System Information Sciences

Information Biology B07

  • Assis. Prof. Katsuya Uchida    
Keywordsbrain, hormone, integrative functions, sex difference

Understanding new role of hormones on neuronal signal transduction in the central nervous system

Inside our brain, neuronal information is transmitted using electronic signals. In the nerve ending (axon terminal), electronic signals are exchanged to chemical signals, and neurotransmitters like glutamate and GABA are released from axon terminal to synapse. Thus, nerve cells communicate with another neurons via chemical signals. Recent years, it has been reported that hormones act on neurons as to neuromodulator.

We take notice of new role of hormones in the central nervous system, especially corticotropin-releasing factor (CRF) as a neuromodulator and thyroid hormone as a control factor for organogenesis. Genetically modified animals play an essential role in analyzing novel functions of hormones in the brain. We found that CRF-expressing neurons in the bed nucleus of the stria terminalis (BNST) show female-biased sexual dimorphism in last year (Uchida et al., Biology of Sex Differences 2019), and the findings of this study could not be achieved without using genetically modified animals. How does sex differences in CRF- expressing neurons in the BNST affect individual behavior? It is well known that the function of BNST with the central amygdala participate in expression of emotional behavior in the rodents and human. Therefore, sex differences of CRF-expressing neurons in the BNST would be expressed as sex differences of behavioral expression. To address this question, we need to artificially regulate specific neurons and to individually validate neuronal network in the brain. In our laboratory, we study new role of hormones in the central nervous system using advanced genetical technique.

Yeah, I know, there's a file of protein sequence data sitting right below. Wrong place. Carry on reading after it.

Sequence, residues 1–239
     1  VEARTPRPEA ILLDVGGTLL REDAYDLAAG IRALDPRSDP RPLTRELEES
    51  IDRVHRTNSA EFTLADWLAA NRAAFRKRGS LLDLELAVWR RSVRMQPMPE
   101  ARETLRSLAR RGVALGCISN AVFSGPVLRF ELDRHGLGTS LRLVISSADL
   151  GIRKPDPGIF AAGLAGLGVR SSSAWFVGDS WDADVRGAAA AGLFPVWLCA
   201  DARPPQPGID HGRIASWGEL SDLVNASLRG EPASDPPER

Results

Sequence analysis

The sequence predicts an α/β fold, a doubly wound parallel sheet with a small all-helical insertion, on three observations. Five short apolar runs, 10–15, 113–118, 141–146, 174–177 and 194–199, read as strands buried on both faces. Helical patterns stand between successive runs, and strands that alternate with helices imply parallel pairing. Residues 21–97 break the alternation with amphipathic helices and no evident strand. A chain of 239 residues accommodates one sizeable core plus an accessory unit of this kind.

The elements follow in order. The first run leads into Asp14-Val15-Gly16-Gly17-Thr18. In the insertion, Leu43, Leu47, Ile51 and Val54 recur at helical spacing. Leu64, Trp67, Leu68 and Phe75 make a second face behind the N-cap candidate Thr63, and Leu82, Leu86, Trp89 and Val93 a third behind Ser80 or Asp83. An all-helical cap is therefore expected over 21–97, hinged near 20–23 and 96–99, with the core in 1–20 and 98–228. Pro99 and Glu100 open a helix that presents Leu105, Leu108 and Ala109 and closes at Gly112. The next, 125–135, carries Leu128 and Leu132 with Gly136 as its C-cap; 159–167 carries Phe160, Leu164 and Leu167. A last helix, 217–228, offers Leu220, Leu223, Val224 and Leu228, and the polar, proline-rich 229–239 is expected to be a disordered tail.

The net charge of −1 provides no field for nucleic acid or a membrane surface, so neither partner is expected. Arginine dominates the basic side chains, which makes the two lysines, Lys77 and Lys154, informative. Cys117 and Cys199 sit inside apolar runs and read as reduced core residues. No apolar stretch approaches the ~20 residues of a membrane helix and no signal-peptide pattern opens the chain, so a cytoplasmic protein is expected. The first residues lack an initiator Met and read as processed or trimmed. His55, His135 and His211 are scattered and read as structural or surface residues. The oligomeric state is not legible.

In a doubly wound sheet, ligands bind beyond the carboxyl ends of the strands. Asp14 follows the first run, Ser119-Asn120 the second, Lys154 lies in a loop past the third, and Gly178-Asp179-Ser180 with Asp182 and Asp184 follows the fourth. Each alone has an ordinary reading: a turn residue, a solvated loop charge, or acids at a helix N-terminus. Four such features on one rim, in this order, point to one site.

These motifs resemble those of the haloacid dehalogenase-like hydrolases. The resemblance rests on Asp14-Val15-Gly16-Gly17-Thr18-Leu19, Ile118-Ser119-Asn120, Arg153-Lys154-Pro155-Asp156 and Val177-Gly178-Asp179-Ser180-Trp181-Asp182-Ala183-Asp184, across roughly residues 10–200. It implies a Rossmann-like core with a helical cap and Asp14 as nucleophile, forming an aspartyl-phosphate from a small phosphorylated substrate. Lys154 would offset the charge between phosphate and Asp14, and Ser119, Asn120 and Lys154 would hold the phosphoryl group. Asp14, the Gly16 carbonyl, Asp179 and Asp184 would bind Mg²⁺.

• Uchida et al., Biology of Sex Differences (2019) : Confocal images showing Venus and Crf in the dorsolateral BNST. The Venus and Crf are shown as green and res, respectively. The lower panel shows a merged image of Venus and Crf. Scale bar = 100 µm.

  • Uchida eta al., Neuroscience Letters (2014) : PV-positive interneurons in the neocortex of the growth-retarded mouse which shows dysfunction of thyroid stimulating hormone receptor. Photomicrographs show PV-positive interneurons in the neocortex of normal (A), grt (B), and T3-treated grt mice (C). Scale bar = 500 µm. The region of the photomicrograph indicated by the box is shown on the right as a magnified image (A′-C′).